There’s just something special about the playoffs in general, but especially about the Stanley Cup Final. A big reason for that is it’s so hard to get to this point once, let alone three times. The Blackhawks aren’t talking about their potential place in history yet; there’s too much hockey left to be played and, as Patrick Kane said after Game 7, “we haven’t done anything yet.” The anticipation will be there, though. So, perhaps, will be a few sleepless moments.

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“I love it. It’s what we dream about, what it’s all about, as a player or coach, is getting to this situation,” coach Joel Quenneville said. “The best part about winning a Cup is the road [you take] to try and win it. You get to this stage, we put ourselves in a good spot, let’s get excited.”


- Quenneville said Bryan Bickell and Marcus Kruger are fine and will play in Game 1 on Wednesday. Bickell didn’t play from the early second period on in the Blackhawks’ Game 7 victory over the Anaheim Ducks on Saturday. Asked if Bickell was hurt or just not playing well, Quenneville said, “we’ll say it was my decision but we’ll say a little bit of both.”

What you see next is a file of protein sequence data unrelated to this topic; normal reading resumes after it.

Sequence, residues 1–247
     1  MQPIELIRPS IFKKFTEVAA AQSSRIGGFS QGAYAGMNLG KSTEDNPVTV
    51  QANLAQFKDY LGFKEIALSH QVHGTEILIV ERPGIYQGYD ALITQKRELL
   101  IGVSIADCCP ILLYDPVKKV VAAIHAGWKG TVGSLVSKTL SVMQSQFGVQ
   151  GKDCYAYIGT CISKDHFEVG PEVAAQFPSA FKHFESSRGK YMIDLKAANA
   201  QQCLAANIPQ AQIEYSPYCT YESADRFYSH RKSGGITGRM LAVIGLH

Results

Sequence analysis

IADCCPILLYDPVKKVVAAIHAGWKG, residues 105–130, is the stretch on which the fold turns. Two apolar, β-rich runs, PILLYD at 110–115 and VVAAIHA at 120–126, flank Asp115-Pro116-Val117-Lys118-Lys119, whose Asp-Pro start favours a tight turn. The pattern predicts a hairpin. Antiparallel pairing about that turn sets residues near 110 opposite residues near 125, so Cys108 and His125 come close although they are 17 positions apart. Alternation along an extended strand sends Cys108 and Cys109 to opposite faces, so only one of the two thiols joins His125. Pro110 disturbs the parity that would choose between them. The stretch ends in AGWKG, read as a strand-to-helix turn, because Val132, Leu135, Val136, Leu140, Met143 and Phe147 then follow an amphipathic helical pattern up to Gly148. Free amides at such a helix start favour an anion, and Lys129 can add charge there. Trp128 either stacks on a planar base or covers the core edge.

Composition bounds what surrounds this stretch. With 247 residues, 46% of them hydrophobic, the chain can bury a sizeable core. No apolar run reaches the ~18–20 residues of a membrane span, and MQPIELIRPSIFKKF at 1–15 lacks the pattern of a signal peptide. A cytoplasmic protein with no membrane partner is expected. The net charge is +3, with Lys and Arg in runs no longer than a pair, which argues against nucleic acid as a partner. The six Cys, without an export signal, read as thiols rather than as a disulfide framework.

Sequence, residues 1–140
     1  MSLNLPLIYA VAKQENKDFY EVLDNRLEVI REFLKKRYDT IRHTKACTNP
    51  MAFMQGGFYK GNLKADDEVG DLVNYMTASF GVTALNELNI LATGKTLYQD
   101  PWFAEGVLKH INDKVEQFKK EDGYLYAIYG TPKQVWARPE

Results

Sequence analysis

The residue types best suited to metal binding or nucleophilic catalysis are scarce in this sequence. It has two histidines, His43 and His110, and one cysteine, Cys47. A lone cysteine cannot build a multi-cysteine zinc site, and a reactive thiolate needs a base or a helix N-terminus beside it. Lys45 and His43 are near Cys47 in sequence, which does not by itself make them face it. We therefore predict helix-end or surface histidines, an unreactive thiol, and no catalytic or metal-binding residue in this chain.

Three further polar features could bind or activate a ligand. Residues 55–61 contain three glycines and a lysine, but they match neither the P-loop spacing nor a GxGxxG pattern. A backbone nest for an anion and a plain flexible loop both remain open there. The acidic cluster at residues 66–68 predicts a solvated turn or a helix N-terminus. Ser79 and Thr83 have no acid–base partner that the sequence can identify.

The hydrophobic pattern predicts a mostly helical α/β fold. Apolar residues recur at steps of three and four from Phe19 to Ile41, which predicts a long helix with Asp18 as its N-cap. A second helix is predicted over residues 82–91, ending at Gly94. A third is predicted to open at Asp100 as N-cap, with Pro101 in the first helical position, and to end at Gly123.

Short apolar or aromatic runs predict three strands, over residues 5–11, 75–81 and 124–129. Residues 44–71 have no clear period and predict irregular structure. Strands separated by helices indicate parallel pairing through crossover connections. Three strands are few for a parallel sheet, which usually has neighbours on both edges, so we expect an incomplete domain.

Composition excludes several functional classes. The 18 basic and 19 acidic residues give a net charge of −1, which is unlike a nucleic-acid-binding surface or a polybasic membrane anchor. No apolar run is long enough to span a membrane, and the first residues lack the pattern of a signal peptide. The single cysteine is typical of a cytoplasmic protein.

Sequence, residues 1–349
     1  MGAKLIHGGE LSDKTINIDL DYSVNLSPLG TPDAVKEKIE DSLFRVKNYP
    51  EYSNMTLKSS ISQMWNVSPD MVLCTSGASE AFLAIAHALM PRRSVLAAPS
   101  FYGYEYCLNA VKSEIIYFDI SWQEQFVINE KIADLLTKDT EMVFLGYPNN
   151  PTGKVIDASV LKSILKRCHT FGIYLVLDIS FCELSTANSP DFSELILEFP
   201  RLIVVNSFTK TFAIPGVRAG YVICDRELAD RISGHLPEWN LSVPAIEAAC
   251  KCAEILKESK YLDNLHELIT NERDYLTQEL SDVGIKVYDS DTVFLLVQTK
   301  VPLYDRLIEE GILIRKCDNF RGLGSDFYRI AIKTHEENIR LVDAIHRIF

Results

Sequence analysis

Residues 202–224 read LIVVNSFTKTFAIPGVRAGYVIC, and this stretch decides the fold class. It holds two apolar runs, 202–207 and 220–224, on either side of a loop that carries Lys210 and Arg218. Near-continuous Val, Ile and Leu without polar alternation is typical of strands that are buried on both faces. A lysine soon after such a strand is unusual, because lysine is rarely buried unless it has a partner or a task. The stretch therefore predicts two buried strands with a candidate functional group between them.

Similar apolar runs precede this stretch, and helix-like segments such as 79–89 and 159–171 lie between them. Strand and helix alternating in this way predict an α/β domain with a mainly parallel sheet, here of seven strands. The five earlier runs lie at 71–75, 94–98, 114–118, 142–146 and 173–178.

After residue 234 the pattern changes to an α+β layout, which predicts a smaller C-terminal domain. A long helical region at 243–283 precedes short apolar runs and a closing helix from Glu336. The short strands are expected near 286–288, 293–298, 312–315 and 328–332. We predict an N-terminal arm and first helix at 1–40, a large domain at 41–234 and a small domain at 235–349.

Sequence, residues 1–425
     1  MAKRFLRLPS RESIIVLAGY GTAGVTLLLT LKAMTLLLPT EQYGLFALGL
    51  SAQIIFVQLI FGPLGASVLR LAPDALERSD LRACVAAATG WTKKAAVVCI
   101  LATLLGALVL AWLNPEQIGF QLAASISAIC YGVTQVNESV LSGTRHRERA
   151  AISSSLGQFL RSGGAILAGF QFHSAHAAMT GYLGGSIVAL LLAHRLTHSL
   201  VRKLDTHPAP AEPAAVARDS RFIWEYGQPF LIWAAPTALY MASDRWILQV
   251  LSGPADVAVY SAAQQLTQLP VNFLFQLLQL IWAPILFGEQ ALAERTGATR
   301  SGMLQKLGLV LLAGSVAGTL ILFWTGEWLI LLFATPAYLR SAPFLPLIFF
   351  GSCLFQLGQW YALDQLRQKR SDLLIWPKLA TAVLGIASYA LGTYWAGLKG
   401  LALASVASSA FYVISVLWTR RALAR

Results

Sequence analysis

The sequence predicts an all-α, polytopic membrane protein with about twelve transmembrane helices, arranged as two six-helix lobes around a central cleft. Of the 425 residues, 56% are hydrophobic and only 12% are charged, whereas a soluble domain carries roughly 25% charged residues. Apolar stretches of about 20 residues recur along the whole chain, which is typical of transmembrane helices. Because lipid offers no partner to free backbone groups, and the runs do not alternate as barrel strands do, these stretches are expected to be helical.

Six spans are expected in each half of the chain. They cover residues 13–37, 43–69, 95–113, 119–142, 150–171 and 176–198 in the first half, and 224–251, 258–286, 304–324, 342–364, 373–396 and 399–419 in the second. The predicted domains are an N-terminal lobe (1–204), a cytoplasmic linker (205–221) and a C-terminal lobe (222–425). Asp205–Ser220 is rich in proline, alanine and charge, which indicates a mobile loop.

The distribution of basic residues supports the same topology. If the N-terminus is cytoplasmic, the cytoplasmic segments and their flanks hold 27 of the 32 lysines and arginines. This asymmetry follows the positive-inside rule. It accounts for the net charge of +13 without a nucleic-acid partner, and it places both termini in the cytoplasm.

- Defenseman Trevor van Riemsdyk will travel with the Blackhawks and is expected to practice with on Tuesday. Quenneville said the team will gauge where van Riemsdyk is following practice. He added that he’ll keep all options open regarding the fifth and sixth defensemen spots.

How Blackhawks plan to handle Corey Crawford's workload

How Blackhawks plan to handle Corey Crawford's workload

Corey Crawford is back and it didn't look like he skipped much of a beat. The Blackhawks were handed their first regulation loss of the season to the Arizona Coyotes on Thursday, but the 33-year-old netminder stopped 27 of 30 shots (.900 save percentage) in his season debut and made several timely saves to keep his team in it.

In the larger picture, it was a win based on how well Crawford looked between the pipes.

"Yeah, I think it is," coach Joel Quenneville said after practice on Friday. "It's one of things we were wondering, how he would handle post-game and how he came in today. Very encouraging signs. He felt good in all aspects of what he went through and dealt with, and practiced well today too, so that was good."

The first one is in the books.

But what's the plan going forward? Will Crawford be on a "pitch count" or will they treat him like they have in past seasons when he was healthy?